Sunday, March 29, 2009

Bangladesh War of Independence: A Tribute to My Father

Dr. Peter D'Costa, B.H.
Photo Courtesy: Studio 'H' (Nawabpur, Dhaka)

My father, Dr. Peter D'Costa, B.H. (Bachelor of Homeopathy), also known as 'P. D'Costa Sir' to the students of St. Gregory's High School in Dhaka, was born at Rangamatia Village of the then Dhaka District (now Gazipur District) on January 5, 1904.

After passing Class (Grade) 3 from Kaliganj Pilot School, Dt. Dhaka, he was sent to study at St. Anthony's High School in Calcutta. After the Entrance Examinations, he taught at the same school and studied Homeopathy at night at the Dunham College of Homeopathy, Calcutta. After four years, he received his B.H. degree and was awarded the 'Ratimanjari Dassi Memorial Medal' for scholastic achievement.

After one year of the independence of Pakistan, he returned to his village and practised homeopathy medicines. As the financial condition of the newly-independent country was not strong, he could not do well financially in his practice. In 1951, he left for Dhaka and joined St. Gregory's High School (English Medium) as a teacher in the primary section. In 1968, he retired from teaching after suffering a stroke.

He was spending his retired life in the village when on November 26, 1971, the West Pakistani armed forces attacked the village and killed 14 persons including him and burnt down about 90% of the houses.

When we received the news that the military started wading thigh-deep water in the beel (marsh) to come to attack the village, men sent their womenfolk and children away to another village on the other side of the small canal. We did the same with my mother Agnes D'Costa, a teacher of Rangamatia Catholic Primary School, and my adopted sister.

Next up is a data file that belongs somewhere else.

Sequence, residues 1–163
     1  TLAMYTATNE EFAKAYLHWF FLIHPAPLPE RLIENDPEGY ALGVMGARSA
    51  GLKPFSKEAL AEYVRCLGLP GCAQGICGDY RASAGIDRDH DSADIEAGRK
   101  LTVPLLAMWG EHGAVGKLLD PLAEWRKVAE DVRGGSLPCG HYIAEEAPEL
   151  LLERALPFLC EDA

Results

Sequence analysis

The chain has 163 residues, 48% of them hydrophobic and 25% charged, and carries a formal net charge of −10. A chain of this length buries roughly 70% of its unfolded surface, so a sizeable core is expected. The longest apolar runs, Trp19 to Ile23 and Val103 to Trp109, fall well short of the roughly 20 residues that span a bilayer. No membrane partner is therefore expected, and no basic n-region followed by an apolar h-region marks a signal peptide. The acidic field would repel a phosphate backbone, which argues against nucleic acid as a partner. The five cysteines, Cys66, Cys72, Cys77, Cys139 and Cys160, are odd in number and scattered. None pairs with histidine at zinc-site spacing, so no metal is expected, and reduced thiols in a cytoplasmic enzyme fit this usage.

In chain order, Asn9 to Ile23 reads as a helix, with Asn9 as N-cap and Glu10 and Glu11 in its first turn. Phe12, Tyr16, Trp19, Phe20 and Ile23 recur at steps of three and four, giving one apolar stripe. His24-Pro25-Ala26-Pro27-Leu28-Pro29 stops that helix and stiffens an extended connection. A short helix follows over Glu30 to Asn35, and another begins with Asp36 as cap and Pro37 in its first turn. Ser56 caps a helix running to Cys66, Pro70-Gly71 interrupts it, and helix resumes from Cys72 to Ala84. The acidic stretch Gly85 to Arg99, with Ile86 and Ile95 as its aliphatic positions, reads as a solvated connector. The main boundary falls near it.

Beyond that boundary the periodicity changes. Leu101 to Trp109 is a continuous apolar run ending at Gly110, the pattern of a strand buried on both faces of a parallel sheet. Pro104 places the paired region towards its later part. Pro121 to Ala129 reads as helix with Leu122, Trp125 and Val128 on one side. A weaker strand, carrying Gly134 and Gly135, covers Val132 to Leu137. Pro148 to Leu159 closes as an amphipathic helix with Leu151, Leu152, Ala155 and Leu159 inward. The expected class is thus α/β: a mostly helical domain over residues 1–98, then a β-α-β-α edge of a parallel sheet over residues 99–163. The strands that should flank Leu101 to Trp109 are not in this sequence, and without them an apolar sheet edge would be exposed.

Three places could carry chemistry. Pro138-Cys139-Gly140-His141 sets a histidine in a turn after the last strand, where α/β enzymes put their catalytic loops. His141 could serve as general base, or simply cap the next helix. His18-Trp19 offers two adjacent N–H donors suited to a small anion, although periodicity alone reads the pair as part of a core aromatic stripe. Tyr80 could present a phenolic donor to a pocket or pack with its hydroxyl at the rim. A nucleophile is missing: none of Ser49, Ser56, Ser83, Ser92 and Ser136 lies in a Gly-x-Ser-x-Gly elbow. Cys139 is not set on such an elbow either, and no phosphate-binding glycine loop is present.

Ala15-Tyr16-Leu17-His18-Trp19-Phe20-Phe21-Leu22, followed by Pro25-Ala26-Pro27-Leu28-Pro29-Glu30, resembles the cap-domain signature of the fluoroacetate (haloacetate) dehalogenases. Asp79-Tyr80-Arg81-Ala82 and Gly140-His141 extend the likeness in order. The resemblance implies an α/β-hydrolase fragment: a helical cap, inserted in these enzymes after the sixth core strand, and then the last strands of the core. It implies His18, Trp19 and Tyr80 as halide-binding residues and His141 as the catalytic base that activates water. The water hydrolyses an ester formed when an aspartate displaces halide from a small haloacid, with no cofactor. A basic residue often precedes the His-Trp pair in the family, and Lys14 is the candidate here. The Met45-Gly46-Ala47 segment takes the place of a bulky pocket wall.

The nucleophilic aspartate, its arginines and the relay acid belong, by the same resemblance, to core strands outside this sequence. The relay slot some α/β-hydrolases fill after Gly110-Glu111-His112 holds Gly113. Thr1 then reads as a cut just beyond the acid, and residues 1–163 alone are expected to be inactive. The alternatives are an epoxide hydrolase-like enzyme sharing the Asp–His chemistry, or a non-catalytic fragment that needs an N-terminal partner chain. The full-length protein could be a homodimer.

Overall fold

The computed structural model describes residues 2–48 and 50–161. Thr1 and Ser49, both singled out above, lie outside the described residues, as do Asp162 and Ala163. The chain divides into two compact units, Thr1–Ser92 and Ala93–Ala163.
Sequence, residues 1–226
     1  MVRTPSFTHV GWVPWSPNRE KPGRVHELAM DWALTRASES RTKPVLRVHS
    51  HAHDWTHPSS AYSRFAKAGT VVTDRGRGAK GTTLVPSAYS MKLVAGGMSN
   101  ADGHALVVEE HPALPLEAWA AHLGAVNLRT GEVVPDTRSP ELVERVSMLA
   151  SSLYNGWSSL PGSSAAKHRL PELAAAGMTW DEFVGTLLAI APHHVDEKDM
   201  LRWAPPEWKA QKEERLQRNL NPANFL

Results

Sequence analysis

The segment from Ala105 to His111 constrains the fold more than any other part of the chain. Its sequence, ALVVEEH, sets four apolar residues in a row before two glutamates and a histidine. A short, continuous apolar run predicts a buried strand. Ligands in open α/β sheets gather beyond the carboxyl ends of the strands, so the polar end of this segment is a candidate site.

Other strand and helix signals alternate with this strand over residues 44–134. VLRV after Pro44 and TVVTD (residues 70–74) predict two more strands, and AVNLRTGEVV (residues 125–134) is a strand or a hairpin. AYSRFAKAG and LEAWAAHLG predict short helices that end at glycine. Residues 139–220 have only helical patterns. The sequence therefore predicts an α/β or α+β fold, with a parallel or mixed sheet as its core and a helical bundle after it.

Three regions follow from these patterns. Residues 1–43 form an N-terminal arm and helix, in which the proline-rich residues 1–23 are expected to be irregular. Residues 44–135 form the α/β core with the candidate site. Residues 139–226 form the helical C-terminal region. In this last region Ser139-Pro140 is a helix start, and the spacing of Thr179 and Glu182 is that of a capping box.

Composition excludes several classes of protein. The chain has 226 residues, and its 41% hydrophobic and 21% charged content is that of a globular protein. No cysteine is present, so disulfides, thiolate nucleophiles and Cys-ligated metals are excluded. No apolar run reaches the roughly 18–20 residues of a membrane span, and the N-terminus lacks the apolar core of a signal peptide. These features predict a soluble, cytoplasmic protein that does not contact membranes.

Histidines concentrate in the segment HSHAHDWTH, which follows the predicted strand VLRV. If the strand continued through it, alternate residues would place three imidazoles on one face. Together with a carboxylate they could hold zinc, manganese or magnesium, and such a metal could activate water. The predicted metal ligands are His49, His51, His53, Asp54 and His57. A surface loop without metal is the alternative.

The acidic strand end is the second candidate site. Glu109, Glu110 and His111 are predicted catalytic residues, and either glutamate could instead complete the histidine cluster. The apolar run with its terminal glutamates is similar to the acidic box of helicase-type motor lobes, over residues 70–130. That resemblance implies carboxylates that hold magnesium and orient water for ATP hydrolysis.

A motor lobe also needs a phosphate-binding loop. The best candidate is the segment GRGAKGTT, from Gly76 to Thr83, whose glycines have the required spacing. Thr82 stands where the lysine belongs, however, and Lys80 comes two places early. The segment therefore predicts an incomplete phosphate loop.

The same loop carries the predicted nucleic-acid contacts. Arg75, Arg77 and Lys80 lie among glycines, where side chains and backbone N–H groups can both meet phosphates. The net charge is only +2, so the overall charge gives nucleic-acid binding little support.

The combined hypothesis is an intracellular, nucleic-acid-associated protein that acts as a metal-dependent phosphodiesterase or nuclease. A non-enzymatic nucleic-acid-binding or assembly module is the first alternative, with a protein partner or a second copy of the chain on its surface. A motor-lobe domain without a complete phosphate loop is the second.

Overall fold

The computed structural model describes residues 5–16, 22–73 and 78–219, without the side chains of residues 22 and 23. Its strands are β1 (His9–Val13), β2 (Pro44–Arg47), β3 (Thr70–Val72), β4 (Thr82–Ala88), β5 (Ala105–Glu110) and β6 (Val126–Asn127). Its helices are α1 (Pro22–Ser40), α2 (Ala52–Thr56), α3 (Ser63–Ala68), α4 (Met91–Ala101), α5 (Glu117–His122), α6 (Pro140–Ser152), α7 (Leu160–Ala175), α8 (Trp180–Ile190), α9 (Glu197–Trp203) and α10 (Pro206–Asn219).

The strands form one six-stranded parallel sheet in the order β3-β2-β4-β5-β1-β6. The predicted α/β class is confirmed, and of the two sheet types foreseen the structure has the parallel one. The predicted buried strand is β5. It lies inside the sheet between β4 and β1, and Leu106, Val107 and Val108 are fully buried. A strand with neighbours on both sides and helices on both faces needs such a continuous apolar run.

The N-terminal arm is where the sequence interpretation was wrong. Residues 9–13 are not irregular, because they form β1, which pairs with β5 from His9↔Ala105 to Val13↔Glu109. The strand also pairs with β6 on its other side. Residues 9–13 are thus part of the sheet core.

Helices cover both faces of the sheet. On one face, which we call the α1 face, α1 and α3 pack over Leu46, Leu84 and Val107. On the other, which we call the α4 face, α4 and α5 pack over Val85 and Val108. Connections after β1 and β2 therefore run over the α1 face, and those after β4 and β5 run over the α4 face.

In the weekend I had come from work with the Pratibeshi weekly in Dhaka and could not return due to military and mukti bahini (freedom forces) confrontations in different places, including Kaliganj). So on this Friday, November 26, with fright, my father and I were watching the fires at the far end of the village in the west as well as hearing wheezing bullet sounds over the trees. I tried to coax my father, who could walk with some difficulty with the help of a cane, to go with me as far away as possible, but he refused and said: "If they see me old and sick and still kill me, let them do so. I would rather die at home than in the fields and jungles."

When the bullet sounds became louder, I asked my father to go away with me and again he refused. Then I said that "I have to leave because if they find a young person, they would capture or kill him instantly." He told me to leave immediately. I touched his hand for the last time and left home and ran towards the other village in the north. As I neared the canal, one bullet wheezed past a few inches by me and struck one of the bamboo trees and divided it in the middle. It scared the hell out of me and I shouted: "Jesus, save me!" and jumped over a cane bush and fell into the canal. I waded knee-deep water and climbed over the side of the canal and reached the other side.

Behind the houses in the field I find about three hundred villagers -- men, women, and children -- huddled on the ground. My future wife and members of her family were also there. A few minutes later, we see two muktijuddas (freedom fighters) running past us away to the east. I shouted and asked them whether they had fired at the soldiers. When they said "yes", my common sense told me that the soldiers would definitely come to the other side of the canal and search for the freedom fighters.